Summary: With the arranged marriage of his only son determined, Jinpachi Mishima has successfully prepared himself a worthy legacy. Now if only his damnable son would appreciate the wonderful life he's just ensured for him, things could travel on down their necessary path and Jinpachi might even be able to enjoy himself a few grandchildren before he kicks the proverbial bucket. But things never really work out the way that you might have planned them. And that begs the question, will Heihachi fall in love with his pretty wife, Akimo, so that they can live happily ever after? Or will the future have even more terrible things in store for the Mishima Men?

Author's Note: Has anyone ever wondered why Heihachi is such a hateful, terrible person throughout the Tekken series? I've decided to offer my own humble opinions on this travesty, hopefully explaining at least one possibility of why he is the way that he is. Please read and review this first chapter; I'm finishing it regardless of the number of reviews, so no worries, but I do very much love your input! I've had this story on my mind for damn near four years so I hope it drives you as crazy for an update as it's driven me to be written!

Disclaimer: I don't own Tekken, the characters, franchise, series, movies (because there are two now, you know), or (arguably) much of the merchandise. I'd like to just borrow the setting and characters for a bit!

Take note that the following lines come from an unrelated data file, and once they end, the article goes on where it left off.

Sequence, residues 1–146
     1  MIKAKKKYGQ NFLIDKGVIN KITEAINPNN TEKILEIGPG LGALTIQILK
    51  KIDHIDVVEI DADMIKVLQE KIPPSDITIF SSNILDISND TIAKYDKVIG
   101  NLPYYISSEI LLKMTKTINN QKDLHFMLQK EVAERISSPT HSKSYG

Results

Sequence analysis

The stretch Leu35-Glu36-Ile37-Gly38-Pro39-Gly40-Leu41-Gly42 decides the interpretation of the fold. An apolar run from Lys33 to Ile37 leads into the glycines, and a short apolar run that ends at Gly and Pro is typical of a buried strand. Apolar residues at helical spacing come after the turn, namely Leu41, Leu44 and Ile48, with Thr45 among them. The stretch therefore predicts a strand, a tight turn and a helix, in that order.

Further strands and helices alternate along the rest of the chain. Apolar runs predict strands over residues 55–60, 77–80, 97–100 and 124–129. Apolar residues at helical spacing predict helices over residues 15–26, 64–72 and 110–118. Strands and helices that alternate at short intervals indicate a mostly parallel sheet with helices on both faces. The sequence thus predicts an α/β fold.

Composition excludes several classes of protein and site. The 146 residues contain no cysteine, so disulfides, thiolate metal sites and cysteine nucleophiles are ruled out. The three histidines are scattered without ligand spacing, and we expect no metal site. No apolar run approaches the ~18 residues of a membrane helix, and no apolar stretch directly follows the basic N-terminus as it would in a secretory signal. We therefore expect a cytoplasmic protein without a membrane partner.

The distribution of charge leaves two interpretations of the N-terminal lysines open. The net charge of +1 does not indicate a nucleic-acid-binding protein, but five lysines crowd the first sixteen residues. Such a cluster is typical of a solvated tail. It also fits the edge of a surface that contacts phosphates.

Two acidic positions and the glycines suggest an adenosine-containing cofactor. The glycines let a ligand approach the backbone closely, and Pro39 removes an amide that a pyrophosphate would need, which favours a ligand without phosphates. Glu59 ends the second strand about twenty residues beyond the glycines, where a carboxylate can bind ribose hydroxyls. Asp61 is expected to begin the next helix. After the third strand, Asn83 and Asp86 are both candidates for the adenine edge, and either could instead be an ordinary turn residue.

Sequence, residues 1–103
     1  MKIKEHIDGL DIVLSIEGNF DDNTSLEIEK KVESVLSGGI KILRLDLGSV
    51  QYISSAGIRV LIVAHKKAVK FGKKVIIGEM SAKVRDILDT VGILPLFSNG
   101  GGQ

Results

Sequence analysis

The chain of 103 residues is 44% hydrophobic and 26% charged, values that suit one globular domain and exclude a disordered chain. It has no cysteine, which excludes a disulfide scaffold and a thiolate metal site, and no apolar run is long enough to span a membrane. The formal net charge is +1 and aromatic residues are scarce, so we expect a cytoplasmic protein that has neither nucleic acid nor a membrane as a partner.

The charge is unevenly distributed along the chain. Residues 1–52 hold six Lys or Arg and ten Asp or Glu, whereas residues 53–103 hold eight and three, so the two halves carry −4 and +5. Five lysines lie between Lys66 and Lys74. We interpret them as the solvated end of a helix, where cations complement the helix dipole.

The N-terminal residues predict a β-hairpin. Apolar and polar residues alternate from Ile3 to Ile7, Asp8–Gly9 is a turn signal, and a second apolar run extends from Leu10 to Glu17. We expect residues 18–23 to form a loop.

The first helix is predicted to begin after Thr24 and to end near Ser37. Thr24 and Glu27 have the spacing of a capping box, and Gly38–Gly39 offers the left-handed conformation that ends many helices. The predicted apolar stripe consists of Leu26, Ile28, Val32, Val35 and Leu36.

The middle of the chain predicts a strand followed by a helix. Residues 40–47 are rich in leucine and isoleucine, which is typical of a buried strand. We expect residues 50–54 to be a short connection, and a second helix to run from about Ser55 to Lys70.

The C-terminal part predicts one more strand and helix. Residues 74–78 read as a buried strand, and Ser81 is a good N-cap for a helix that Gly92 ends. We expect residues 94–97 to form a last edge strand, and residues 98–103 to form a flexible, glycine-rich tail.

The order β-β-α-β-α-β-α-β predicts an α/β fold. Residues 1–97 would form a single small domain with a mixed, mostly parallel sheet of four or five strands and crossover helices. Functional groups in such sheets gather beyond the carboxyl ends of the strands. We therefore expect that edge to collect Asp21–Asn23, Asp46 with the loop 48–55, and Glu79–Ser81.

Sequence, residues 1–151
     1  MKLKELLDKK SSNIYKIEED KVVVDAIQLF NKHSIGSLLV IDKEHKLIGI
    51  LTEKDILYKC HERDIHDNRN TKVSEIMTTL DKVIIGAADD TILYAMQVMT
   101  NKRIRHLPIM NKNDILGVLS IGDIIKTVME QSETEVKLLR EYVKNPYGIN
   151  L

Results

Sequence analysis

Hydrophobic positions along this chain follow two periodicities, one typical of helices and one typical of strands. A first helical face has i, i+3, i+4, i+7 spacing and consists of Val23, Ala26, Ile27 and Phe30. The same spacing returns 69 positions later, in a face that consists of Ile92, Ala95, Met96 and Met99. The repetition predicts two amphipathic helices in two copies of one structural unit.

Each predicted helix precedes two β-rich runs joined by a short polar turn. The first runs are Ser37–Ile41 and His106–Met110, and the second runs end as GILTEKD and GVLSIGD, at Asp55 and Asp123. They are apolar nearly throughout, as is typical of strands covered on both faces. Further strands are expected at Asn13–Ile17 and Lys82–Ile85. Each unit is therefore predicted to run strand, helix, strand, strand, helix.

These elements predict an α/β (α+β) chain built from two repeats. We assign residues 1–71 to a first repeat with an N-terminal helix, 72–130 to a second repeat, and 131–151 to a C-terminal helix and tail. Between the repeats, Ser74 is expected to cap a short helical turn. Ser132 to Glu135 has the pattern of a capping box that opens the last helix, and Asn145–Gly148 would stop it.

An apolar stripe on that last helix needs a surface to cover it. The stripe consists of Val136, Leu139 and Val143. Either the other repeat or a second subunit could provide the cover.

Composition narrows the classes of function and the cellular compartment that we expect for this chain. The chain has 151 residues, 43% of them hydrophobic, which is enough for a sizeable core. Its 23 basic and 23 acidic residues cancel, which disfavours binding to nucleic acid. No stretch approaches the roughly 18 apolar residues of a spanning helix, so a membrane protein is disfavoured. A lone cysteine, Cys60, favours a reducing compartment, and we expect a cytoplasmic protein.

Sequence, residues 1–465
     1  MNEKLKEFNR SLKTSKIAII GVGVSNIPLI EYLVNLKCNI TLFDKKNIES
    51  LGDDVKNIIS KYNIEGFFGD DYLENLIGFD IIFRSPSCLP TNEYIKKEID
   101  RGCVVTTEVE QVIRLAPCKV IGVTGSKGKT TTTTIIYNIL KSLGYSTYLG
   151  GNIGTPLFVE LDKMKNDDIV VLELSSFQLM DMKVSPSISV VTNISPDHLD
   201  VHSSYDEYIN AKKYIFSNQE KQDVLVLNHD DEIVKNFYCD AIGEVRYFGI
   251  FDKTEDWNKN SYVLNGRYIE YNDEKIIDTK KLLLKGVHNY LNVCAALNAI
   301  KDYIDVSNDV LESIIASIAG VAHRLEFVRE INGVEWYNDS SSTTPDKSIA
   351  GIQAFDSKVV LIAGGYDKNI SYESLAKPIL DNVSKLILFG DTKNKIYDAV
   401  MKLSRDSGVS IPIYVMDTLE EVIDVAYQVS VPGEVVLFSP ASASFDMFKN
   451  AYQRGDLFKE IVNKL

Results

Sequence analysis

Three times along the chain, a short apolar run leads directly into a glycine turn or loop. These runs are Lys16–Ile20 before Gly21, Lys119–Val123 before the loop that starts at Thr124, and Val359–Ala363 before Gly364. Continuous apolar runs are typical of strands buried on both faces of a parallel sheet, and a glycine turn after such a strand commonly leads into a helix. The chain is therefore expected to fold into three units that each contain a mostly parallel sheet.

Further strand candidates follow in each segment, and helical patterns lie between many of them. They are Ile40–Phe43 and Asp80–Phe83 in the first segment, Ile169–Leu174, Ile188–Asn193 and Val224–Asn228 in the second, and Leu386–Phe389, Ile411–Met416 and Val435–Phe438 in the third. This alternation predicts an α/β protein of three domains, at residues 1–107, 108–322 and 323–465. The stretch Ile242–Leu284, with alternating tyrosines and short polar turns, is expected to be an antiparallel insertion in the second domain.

Histories and Secrecies

Akimo was the third daughter of Mr. Numoya. He was a man blessed enough to have been born into a family of noble blood and this fortune he passed on to his three beautiful daughters. Though the times of samurai knights and nobility were long forgotten memories of his boyhood, mere stories he remembered from his grandfather, Mr. Numoya was not one to be forgotten by the elite in society. He understood the importance of appearances towards his good fortune, the kind that old family friends could ensure remained in the safe keeping of his legacy. And Mr. Numoya was well-versed in the secrecies and blackmail of words needing to be kept in confidence, hidden away from the old world; before the damned war that had torn Japan apart.

It wasn't a surprise that he had come out on the top of society after reconstruction. He'd ensured that his pretty wife and their three very young daughters had been well-protected during the war by moving them to the countryside. There, in a small village, far enough removed from the map to be considered a suburb of Tokyo, he raised his family during the great war that was to become World War II.

Mr. Numoya ensured that there were few luxuries denied to his family in that vast countryside and that he would never be taken too far away from them. And he knew that his family was happy. He knew his daughters were tutored by some of the finest minds in Japan, students that had been forced to drop out of the prestigious Tokyo University by the onslaught of war. But, inevitably, he knew that they wouldn't stay in that small little village forever.

But it doesn't much matter what, exactly, Mr. Numoya had to do to protect his family. All that really matters is that he did and those three young daughters of his grew up to be strong, proud, confident young women. The type that he could be proud to show off to society; the type of daughters that only Mr. Numoya could be expected to raise.